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Credit Card Debt Grows Among Those With Poor Credit

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Consumers with low credit scores account for an increasingly large chunk of the nation’s credit card debt, with subprime borrowers carrying more than three times the average credit card debt held by consumers with excellent credit scores.

In the third quarter of 2013, the typical consumer had a credit card debt load of $4,061, according to the most recent data from Experian-Oliver Wyman Market Intelligence Reports and Experian’s IntelliView tool. That’s down from the same time the previous year ($4,137), though outstanding credit card balances didn’t change much overall: In the third quarter of 2012, outstanding consumer credit card debt stood at $594 billion, and it increased year over year to $597 billion.

The data breaks down consumer credit tiers by VantageScore ranges: super prime (781-850), prime (661-780), near prime (601-660), subprime (500-600) and deep subprime (300-499). Near prime and subprime consumers have historically carried the highest average balances, but they rose in the third quarter, while average balances declined among consumers with super prime, prime and deep subprime credit. In fact, the bump in outstanding credit came from near prime and subprime consumers alone — the other groups’ balances dropped.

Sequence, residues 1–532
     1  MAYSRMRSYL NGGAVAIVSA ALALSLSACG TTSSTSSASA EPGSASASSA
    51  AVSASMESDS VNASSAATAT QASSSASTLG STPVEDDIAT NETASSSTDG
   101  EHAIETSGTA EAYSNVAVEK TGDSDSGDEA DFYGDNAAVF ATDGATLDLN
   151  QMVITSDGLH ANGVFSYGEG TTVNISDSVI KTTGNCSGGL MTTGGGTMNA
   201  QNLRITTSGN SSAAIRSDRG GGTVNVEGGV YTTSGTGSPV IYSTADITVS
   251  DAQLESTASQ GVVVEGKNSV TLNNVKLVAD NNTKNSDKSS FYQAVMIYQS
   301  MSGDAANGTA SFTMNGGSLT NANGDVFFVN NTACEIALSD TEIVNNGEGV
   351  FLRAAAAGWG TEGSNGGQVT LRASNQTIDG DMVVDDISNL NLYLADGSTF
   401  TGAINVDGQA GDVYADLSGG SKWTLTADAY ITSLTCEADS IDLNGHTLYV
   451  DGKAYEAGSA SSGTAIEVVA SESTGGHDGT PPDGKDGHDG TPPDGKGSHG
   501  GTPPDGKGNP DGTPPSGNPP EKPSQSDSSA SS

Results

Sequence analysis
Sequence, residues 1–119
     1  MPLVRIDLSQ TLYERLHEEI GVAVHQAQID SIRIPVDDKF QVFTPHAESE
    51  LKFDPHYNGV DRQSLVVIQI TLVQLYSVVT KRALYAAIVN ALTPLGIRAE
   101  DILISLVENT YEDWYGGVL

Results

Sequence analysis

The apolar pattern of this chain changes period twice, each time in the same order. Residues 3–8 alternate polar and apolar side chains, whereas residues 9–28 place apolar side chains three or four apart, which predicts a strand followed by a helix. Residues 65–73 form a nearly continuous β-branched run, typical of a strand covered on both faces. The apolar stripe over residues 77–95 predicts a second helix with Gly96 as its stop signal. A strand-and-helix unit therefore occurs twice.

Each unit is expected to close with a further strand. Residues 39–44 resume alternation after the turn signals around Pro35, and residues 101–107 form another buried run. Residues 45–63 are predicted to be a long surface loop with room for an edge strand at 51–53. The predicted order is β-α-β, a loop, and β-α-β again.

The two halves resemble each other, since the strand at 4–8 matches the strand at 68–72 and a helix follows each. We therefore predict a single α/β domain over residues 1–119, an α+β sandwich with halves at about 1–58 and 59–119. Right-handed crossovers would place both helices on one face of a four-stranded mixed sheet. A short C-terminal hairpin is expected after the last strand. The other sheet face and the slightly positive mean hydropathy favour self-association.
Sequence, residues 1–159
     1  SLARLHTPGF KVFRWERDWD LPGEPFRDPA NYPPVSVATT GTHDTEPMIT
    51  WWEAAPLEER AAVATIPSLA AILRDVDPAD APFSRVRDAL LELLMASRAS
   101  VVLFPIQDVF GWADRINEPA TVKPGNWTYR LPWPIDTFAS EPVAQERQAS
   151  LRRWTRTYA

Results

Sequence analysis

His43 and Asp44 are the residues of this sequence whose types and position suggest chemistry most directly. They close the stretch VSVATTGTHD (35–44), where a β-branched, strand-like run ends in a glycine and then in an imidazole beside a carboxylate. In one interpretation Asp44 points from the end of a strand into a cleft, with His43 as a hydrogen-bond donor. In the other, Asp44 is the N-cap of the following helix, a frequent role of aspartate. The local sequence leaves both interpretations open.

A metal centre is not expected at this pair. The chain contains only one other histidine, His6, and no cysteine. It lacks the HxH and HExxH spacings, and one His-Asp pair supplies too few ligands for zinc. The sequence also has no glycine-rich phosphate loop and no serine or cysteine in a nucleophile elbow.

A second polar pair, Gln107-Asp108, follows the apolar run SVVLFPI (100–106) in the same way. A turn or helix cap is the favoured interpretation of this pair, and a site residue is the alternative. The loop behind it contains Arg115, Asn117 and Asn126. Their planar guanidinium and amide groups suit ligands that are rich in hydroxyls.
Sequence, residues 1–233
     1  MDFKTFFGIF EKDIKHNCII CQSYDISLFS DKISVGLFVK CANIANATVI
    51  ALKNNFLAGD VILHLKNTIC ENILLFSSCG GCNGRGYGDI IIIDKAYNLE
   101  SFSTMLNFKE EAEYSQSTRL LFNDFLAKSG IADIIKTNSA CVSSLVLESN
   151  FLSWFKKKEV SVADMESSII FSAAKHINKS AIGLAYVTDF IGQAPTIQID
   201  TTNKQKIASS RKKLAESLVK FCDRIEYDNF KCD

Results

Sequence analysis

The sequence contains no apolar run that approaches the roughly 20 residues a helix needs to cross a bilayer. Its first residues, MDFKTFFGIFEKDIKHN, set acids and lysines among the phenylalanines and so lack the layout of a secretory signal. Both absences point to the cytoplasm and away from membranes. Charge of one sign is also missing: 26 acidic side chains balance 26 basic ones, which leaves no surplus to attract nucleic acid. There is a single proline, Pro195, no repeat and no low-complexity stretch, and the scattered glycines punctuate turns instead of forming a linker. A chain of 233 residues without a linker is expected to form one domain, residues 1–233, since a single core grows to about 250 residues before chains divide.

According to Credit.com’s recent Americans and Credit Card Debt survey, consumers plan on chipping away at their debt this year. Of the 2,223 respondents, 55% said they have at least some credit card debt (the amount varied widely, but the most common ranges were between $1,001 and $2,500; $2,501 and $5,000; and $5,001 and $10,000, each category with about 17% of responses). About two-thirds (68%) said it’s extremely likely they’ll start to pay their debt down this year, and 71% said they aren’t having trouble managing it.

It makes sense that near prime and subprime consumers have the highest average balances ($5,896 and $5,908, respectively), because debt use makes up a large part of credit scores — the more of your available credit you use, the lower your scores will be. (You can see how this and other things, like payment history and applying for new credit, impact your credit scores using free tools like Credit.com’s Credit Report Card.)

Despite the climbing debt in those consumer groups, it’s good to see outstanding debt fall among those with the worst credit scores. Overall, Americans are improving their payment habits — payment history is the most important factor in determining your credit scores — as there was an 18% decline in serious delinquencies from the third quarter of 2012. In the third quarter of 2013, only 1.3% of credit cards were more than 90 days past due, and credit card charge-offs also decreased year over year.

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